War of the Rebellion: Serial 011 Page 0011 Chapter XXII. CORRESPONDENCE, ETC.-UNION.

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HEADQUARTERS DEPARTMENT OF THE MISSOURI,

Saint Louis, March 6, 1862.

General BUELL, Nashville, Tenn.:

I cannot possibly leave here at the present time. Events are pressing on so rapidly that I must be all the time in telegraphic communication with Curtis, Grant, Pope, and Commodore Foote. We must consult by telegraph. News down the Tennessee that Beauregard has 20,000 men at Corinth and is rapidly fortifying it. Smith will not probably be strong enough to attack it. It is a great misfortune to lose that point. I shall re-enforce Smith as rapidly as possible. If you could send a division by water around into the Tennessee it would require only a small amount of transportation, as it would receive all its supplies by the river.

H. W. HALLECK,

Major-General.

NASHVILLE, TENN., March 6, 1862.

General McCLELLAN:

I am ashamed to speak again of the difficulty of crossing [an army] over two formidable rivers. Our troops came up faster than we could cross them, and we have forced ourselves here without transportation or baggage. This we could do when we could depend upon getting supplies at the end of our march, but not when we must carry them along. Johnston is at Shelbyville, some 25 miles south of Murfreesborough. The talk in his camp is that at Fayetteville, 20 miles farther south, they were to meet Beauregard, with 25,000 from Virginia and South Carolina, and then return against Nashville.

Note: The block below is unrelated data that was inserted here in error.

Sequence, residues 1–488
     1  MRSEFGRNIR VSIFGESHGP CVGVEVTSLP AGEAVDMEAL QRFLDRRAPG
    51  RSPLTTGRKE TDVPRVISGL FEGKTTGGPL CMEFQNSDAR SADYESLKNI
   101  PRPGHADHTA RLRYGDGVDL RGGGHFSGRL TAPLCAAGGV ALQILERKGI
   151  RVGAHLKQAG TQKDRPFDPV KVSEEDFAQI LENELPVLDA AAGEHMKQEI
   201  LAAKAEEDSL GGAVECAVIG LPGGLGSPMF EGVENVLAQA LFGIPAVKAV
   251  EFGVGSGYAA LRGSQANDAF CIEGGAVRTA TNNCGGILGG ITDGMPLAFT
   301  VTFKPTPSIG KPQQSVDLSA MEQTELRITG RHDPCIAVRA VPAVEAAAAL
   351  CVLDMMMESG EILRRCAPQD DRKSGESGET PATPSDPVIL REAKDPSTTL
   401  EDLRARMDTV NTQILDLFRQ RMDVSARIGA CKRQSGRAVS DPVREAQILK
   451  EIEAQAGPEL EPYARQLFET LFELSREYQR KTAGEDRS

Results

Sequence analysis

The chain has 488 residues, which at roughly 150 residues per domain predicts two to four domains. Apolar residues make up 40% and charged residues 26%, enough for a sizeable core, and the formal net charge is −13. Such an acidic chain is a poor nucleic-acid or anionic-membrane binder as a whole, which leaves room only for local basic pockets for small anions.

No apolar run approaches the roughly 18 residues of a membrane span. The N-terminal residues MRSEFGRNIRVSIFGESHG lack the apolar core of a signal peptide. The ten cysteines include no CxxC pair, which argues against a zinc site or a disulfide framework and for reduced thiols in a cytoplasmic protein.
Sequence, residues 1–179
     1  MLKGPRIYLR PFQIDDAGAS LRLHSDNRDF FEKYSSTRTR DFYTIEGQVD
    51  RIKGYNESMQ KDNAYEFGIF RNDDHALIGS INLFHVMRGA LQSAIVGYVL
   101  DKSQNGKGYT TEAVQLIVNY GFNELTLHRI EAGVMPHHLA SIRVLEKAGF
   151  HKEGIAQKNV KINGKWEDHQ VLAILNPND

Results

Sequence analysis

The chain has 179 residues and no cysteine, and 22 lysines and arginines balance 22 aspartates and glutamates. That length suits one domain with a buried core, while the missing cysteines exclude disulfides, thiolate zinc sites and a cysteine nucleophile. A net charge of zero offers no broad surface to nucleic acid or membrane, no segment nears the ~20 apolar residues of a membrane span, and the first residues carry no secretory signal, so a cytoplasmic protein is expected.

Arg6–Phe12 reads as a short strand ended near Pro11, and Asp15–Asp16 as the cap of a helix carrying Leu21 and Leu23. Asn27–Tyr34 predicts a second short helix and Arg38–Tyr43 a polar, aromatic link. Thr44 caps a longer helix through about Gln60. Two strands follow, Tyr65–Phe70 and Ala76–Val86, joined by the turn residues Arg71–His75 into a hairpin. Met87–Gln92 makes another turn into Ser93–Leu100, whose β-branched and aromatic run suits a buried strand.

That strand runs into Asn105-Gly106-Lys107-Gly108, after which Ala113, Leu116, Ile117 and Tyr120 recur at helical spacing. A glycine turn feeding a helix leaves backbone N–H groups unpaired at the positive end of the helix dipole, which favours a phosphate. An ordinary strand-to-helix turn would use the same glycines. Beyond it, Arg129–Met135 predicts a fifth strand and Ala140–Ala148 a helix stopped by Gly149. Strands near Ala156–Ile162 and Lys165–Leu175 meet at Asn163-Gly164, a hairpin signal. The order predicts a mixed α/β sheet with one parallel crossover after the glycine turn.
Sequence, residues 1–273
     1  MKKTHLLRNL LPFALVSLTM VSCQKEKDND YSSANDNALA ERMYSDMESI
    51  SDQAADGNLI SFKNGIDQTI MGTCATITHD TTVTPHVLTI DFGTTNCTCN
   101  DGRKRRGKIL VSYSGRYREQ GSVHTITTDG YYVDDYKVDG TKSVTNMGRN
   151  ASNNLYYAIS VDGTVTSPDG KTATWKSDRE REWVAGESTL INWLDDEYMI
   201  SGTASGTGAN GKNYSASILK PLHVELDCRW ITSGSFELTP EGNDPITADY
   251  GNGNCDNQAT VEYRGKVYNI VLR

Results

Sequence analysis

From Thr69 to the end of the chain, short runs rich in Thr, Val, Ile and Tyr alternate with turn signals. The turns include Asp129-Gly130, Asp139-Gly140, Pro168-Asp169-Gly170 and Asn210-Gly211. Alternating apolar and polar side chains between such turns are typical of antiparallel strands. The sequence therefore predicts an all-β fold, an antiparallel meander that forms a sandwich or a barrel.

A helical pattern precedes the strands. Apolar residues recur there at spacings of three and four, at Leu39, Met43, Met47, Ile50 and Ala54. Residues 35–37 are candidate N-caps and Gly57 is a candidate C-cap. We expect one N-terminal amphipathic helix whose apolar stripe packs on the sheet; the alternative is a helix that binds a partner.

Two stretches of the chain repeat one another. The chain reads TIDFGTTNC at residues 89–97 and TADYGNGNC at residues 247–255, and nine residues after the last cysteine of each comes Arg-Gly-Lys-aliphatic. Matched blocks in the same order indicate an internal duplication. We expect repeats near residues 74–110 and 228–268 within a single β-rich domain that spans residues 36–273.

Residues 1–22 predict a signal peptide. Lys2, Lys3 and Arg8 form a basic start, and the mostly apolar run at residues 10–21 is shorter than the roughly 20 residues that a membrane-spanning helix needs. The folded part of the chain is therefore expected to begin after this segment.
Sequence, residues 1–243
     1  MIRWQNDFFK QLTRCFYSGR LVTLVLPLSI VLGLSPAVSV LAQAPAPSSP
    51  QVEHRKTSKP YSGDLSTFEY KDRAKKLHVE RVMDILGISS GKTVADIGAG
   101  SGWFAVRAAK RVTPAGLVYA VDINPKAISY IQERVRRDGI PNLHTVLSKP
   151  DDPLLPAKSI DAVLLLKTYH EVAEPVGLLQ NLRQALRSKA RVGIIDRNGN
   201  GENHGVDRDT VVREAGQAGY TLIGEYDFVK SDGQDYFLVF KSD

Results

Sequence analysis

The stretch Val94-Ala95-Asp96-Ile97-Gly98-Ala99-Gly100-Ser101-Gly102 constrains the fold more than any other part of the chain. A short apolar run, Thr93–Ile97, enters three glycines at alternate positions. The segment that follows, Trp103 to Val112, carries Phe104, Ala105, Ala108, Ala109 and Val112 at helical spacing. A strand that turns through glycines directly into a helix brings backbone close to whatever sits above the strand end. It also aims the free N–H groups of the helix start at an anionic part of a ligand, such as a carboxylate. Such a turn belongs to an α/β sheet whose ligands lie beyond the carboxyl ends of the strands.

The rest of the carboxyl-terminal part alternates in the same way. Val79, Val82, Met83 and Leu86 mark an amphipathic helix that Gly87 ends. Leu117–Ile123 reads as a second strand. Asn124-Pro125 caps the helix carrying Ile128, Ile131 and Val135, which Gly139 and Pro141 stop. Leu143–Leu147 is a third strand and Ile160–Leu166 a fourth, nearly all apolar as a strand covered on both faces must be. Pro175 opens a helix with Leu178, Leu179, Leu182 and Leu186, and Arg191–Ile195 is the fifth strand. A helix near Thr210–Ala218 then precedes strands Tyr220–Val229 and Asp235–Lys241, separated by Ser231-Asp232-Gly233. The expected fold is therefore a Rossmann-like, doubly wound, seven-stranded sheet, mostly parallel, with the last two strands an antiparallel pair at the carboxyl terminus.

Garfield started after Marshall, but on the 22d, at Piketon, lost his supplies by high water, and had to stop for more. Marshall returned from Whitesburg through Sounding Gap when Garfield advanced, and has fortified, it is said, on the Cumberland Ridge.

It is important that Halleck and I should meet. I have proposed to do so at Louisville. We can both get there in twelve hours. Can you meet us there? If yes, name a time.

I have been concerned to hear that it is proposed to organize a provisional government for Tennessee. I think it would be injudicious at this time. It may not be necessary at all.

D. C. BUELL.

FORT HENRY, March 6, 1862.

Major-General HALLECK:

Union City is said to be garrisoned by rebels. I will keep a lookout to prevent surprise from that direction while the garrison is weak here.

U. S. GRANT,

Major-General.

HEADQUARTERS DEPARTMENT OF THE MISSOURI,

Saint Louis, March 6, 1862.

Brigadier-General CULLUM, Cairo:

If it be true, as reported, that there is a strong rebel force at Union City, it seems to me that the garrison is not safe. Could not a gunboat